Billie Holiday - 'The Last Interview and Other Conversations'
An interview book from the 'last interview' series.
This book is hagiography. It lauds Audrey Hepburn, one of the most prominent American Hollywood actors of the 1950s and 1960s. The book is authored by a man who wrote Dutch Girl: Audrey Hepburn and World War II and is close to Luca Dotti, one of Hepburn’s sons.
If hagiography would be all that there is to this book, it would be junk.
Thankfully, this book is more than applause and apotheosis.
She had heard that one of the children was asked, “What do you want to be when you grow up?” “Alive” was the response. Audrey could see a nightmare in the making not just for Ecuador but for the world, and it rattled her. They were growing up wild, these children of the streets, with no education, no moral compass, and total susceptibility to all the evils of the world. By adulthood, those who survived would be monsters without conscience. That realization crystallized UNICEF’s street-children mission in her mind.
Audrey Hepburn was humanitarian and helped people who weren’t as fortunate as she was. She made more of a career as an UNICEF ambassador than an actress; she went a very long way to help people who lived in appalling conditions. There is no doubt in my mind that she tried to better these conditions in many ways, which are on display in this book.
“My mother didn’t take herself seriously,” said Sean. “She used to say, ‘I take what I do seriously, but I don’t take myself seriously.’”
This book lifts a shroud off Hepburn’s persona as constructed by magazines.
When she was five both her parents embraced Germany’s savior Adolf Hitler, tucked their daughter in the Netherlands with family, and traveled to Munich to meet the Führer. Soon Audrey’s father separated from Dutch Baroness Ella van Heemstra, Audrey’s mother, to work for the growing German empire. Her mother retained pro-Nazi ties for another eight years, all of which became a set of secrets locked in Audrey’s soul for a lifetime.
There are some bizarre omissions throughout the book. For example, there is mention of Hepburn’s support for Live Aid, but nothing said about how proceeds from that gala were emptied by the Ethiopian government to buy arms, something which Bob Geldof was warned about but ignored.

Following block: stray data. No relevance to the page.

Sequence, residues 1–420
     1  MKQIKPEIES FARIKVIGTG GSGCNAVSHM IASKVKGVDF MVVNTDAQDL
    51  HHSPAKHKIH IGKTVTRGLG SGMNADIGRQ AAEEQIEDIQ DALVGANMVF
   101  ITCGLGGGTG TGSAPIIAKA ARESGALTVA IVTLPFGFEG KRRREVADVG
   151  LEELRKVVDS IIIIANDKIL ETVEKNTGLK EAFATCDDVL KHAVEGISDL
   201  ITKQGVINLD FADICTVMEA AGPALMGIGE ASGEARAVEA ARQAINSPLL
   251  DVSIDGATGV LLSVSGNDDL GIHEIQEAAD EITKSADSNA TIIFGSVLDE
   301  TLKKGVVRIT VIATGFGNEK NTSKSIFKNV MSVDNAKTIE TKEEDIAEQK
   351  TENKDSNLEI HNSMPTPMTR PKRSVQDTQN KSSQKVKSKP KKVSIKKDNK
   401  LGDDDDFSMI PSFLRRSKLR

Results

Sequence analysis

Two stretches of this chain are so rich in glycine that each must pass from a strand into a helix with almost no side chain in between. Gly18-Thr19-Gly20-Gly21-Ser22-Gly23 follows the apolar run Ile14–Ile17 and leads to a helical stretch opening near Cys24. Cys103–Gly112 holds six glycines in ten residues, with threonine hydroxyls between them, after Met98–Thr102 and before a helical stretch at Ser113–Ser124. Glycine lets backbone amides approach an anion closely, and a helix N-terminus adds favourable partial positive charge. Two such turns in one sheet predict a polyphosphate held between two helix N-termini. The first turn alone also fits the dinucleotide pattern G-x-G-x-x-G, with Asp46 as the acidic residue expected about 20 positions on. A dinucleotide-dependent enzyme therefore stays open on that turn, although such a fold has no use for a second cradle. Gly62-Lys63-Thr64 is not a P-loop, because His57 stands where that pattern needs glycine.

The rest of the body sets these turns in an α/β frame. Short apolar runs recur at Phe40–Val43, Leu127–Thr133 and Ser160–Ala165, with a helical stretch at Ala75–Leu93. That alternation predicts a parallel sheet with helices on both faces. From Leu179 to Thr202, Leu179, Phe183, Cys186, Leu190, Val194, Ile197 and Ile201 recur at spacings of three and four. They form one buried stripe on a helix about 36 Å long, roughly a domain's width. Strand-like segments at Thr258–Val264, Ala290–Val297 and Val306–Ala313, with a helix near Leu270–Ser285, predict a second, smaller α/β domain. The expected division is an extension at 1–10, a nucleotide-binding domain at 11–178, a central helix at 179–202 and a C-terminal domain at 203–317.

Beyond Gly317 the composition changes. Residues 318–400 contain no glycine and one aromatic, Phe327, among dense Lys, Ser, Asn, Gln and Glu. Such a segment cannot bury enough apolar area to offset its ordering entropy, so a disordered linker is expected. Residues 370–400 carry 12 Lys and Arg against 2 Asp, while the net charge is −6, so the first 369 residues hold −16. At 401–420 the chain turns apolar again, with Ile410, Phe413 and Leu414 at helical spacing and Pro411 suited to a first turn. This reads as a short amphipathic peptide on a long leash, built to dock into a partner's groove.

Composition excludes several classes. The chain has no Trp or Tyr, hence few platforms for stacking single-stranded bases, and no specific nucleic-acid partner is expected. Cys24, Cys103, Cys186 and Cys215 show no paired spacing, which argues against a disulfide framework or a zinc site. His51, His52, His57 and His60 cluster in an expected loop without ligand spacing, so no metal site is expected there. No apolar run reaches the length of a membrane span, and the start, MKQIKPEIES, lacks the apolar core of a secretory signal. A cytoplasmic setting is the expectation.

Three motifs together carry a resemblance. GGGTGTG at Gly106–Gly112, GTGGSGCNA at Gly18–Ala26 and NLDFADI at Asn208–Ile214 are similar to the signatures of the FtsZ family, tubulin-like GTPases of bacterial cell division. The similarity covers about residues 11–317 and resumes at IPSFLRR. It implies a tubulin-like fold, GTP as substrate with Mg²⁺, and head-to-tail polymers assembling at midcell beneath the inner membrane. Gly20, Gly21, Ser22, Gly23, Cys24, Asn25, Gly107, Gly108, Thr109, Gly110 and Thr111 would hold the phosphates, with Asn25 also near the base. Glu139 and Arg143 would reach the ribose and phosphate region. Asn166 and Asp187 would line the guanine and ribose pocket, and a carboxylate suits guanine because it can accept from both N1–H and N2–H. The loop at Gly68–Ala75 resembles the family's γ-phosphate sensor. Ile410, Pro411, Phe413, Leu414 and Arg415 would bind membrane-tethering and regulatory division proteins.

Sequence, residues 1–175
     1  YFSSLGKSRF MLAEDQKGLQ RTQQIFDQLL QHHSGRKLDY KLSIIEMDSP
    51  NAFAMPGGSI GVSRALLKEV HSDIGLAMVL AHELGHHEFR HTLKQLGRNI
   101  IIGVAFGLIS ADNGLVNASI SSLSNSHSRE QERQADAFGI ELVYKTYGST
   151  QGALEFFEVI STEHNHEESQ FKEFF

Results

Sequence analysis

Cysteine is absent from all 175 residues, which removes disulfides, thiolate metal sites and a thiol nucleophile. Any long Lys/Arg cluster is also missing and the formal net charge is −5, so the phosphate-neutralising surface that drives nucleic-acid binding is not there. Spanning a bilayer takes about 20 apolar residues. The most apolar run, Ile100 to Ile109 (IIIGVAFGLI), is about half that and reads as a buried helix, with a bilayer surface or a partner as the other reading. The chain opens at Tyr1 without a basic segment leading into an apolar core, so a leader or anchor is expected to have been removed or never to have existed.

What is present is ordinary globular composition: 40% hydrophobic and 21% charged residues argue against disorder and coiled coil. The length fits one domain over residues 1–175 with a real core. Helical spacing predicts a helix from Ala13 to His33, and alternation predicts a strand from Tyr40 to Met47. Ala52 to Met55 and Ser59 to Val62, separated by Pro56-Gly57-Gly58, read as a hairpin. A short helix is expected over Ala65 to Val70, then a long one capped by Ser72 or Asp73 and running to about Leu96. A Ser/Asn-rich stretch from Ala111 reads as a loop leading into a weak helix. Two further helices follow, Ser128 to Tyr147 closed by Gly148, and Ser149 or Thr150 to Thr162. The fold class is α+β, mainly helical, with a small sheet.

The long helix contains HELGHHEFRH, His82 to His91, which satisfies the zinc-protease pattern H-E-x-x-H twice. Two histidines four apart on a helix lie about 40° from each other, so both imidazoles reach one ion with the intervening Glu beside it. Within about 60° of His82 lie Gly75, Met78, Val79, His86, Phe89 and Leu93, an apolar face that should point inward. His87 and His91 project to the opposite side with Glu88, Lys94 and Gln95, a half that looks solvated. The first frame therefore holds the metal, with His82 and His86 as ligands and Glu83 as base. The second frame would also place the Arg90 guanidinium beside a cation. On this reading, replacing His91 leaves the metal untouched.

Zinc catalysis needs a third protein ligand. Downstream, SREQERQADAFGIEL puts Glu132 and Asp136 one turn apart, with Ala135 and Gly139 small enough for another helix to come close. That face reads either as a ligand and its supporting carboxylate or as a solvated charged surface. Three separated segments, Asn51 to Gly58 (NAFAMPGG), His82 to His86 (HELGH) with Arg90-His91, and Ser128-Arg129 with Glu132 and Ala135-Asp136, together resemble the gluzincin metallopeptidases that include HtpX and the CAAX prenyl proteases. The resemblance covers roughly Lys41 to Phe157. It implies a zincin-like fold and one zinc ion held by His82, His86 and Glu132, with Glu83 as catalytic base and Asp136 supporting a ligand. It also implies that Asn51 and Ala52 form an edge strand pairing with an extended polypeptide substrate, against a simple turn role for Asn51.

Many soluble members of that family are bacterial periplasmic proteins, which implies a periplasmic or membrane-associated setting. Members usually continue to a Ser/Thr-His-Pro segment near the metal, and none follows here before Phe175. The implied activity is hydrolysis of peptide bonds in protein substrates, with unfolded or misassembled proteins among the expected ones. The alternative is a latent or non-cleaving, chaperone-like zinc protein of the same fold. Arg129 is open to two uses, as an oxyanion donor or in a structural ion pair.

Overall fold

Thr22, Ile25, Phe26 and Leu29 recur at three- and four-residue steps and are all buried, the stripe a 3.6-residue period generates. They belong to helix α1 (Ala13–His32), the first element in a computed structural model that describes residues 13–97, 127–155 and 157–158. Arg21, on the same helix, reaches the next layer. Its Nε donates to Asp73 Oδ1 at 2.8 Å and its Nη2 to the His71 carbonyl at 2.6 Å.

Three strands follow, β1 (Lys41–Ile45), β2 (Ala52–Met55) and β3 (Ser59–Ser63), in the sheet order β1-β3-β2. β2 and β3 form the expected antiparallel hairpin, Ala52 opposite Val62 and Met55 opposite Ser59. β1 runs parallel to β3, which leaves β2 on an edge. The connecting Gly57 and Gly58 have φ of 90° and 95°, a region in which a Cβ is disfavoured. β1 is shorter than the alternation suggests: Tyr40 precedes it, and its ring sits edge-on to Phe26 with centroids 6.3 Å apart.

Some very personal details are included:
February 1980. Eight years before the Ethiopia trip, Audrey had secluded herself at 615 North Beverly Drive in Beverly Hills during what she called “the worst period of my life.” Divorce proceedings with Dotti were dragging on and when final, she would find herself a signed and sealed two-time loser. So much for chasing love. Her most recent attempt at following her heart had been a crush on actor Ben Gazzara, with whom she worked on the features Bloodline and They All Laughed. But the infatuation went nowhere and she ended They All Laughed feeling lonelier than ever.
It is also clear that Hepburn did her best to try and help people who desperately needed help.
“Many times, people would ask for an interview about UNICEF when they really just wanted to talk about movies,” said Christa Roth. “She would talk an hour about, say, Ethiopia and five minutes about films, but the story would be ten percent UNICEF and ninety percent movies. It bothered her a lot. So we started to restrict the interviews to publications that gave her solid footage. It worked out quite well. She got a lot of coverage.”
She used her name and fame to get money for poor people, which should always grace her name:
This audience had purchased tickets in the range of $25 to $75 each. Hundreds of donors had paid $250 to $500 to rub shoulders with Audrey and one another at the pre-event cocktail hour. Tonight’s gate for UNICEF would total north of $350,000.
I wonder what Hepburn herself would say if she were today interviewed about her life. I doubt she would direct most of the conversation to be about herself, which is why I’m glad this book exists. It shows that anybody can help out, no matter to what extent. On the other hand, the book is garnished with namedroppings that we could do without.
This book suffers a bit from being fragmented. It’s written in an old-school style of writing: paragraphs are quite standalone and some people are portrayed as fairly two-dimensional. Still, on the whole, it’s interesting to read about Hepburn’s selfishness and good heart.